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Richard STRAUSS (1864-1949)
Enoch Arden - A melodrama for piano and speaker after Alfred Lord Tennyson Op. 38 (1896-7)
Five Piano pieces for solo piano Op. 3 (1880-1): Andante No. 1 [4:17], Allegro molto No. 4 [4:24]
Emanuel Ax (piano); Patrick Stewart (speaker)
rec. 22 January 2007, Air Studios (Lyndhurst), Hampstead, London. DDD
SONY 88697090562 [61:42]

The story of Tennyson’s poem, apparently based on a true incident, concerns three children in a small seaport. Both Philip Ray, the miller’s son, and Enoch Arden, a sailor’s orphan, love Annie Lee, but she eventually marries Enoch and they have three children. After a spell of ill fortune Enoch finds no alternative but to sign up on a ship to China. It is wrecked on the way home, and Enoch spends many years on a remote island. Annie eventually gives up hope of his return and accepts Philip’s offer of marriage. Enoch is rescued and returns home, unrecognizable, to learn of Annie’s marriage and her child by Philip. He does not wish to disturb the happiness which she has now found, and eventually dies, giving instructions that after his death his family can be informed of his identity and reasons for not revealing it.
How many people read it nowadays? Probably few, and yet it was one of Tennyson’s greatest successes, selling in immense numbers after its publication in 1864 and in translation in Germany. It was considered by Matthew Arnold to be the best of Tennyson’s works. Puccini was offered it as a plot for an opera, but declined. Strauss wrote his version for the theatre director Ernst von Possart and the two toured it with great success. John Steane, in his book on Tennyson, describes the poem as “largely a period piece, something very central to nineteenth century taste, kindly, warm, picturesque, moral; unsophisticated, unaristocratic, unintellectual, uninvigorating”. It would be hard to argue with that description, and yet when aided by Strauss’s alternately vigorous and tender accompaniment and with a full-blooded approach from both performers it can still make a strong effect. It does so on the two earlier recordings I know, by Claude Rains and Glenn Gould, and by Dietrich Fischer-Dieskau and Jörg Demus (in German). It does so to a degree here, but I sense at times that the performers may be slightly embarrassed about the material. I assume that this is the reason for the many minor changes to the spoken text, in particular the omission of the final lines, intended to be spoken over music:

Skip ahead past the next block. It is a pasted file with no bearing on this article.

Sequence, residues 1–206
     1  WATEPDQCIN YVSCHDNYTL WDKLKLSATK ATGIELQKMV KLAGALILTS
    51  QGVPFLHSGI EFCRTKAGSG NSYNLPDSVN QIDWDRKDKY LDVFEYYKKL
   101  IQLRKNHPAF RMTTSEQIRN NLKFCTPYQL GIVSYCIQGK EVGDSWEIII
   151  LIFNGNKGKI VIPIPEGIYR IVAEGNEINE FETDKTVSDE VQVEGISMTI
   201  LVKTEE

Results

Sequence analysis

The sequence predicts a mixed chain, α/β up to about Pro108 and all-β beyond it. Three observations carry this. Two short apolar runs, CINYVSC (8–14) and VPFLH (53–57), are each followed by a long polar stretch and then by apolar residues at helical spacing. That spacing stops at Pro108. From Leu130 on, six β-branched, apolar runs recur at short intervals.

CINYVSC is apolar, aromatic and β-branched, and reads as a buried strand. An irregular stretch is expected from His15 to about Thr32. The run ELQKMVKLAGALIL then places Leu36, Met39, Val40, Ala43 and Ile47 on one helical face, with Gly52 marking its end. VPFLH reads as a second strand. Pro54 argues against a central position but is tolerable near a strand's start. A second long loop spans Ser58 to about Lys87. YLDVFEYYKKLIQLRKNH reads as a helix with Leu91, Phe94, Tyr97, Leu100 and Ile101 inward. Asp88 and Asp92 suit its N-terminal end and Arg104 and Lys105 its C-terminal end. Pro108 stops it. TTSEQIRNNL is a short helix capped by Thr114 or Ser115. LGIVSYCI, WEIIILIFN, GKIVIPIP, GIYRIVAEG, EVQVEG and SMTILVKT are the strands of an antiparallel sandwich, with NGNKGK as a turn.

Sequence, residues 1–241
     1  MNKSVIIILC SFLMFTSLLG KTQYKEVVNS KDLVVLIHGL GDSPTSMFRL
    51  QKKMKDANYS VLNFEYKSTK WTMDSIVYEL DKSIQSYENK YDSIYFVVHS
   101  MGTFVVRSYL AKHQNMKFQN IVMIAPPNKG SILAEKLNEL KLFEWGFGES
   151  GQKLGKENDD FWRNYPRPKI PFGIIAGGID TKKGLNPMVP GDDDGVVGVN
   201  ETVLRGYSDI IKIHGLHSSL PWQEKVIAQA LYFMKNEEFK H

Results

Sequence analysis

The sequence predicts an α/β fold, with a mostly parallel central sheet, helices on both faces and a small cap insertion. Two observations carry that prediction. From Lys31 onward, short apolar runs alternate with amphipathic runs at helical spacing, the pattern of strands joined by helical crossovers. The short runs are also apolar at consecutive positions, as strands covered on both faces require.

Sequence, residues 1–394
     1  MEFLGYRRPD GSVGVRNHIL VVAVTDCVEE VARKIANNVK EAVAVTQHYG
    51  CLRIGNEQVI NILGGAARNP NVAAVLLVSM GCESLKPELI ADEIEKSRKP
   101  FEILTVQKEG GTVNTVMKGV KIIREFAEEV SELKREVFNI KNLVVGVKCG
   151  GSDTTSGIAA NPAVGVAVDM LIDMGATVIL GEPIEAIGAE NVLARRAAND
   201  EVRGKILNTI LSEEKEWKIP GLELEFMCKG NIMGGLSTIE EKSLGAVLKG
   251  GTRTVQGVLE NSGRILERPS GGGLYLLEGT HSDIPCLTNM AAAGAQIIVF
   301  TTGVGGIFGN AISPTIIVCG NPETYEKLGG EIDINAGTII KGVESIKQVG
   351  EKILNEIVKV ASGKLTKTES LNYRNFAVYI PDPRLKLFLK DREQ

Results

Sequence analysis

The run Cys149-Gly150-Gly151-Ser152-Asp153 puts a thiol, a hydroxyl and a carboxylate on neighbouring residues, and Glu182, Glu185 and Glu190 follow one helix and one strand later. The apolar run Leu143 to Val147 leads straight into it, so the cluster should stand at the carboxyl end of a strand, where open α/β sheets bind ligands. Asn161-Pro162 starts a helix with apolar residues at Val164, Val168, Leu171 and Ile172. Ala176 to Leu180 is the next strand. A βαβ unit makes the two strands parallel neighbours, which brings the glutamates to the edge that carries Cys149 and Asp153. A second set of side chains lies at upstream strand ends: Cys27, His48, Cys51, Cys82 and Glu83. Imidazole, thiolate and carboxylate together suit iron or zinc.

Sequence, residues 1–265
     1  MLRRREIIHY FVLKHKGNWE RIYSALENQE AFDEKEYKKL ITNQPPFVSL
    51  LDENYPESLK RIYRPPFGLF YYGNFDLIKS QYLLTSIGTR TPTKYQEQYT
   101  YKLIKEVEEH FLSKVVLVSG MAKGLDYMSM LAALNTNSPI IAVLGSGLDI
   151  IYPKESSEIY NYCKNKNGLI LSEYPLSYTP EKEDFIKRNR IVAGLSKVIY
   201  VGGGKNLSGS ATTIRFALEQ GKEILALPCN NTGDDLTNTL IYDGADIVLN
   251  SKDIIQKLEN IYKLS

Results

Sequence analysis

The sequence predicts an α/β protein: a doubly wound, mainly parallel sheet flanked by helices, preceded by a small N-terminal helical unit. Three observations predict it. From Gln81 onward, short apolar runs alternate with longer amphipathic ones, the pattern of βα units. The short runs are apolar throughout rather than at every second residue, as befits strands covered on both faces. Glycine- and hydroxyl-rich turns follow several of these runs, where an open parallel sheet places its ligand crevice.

“So past the strong heroic soul away,
            And when they buried him the little port
            Had seldom seen a costlier funeral.”
Bathetic? Maybe, but on both of the earlier recordings they do have considerable impact. Here the piano alone is left to carry their weight, and I don’t think that it is just familiarity with the printed text that makes me feel that something essential is missing.
There are no similarly major changes earlier, but there is a fatal lack of urgency at times, and a lack of the rhetorical manner which is an essential part of the curious hybrid form that is melodrama. On the other hand the recording as such is much better than its predecessors and the engineers have obtained a very believable balance between speaker and piano.
The two short piano pieces used as fillers are both very early Strauss, very appealing but not likely to sway purchasers greatly. Overall this did not live up to my expectations, but a rival is unlikely to turn up soon so that I must recommend it as the only modern recording of this potentially very affecting work, whilst retaining a strong personal preference for the much more full-blooded performance by Rains and Gould.
John Sheppard


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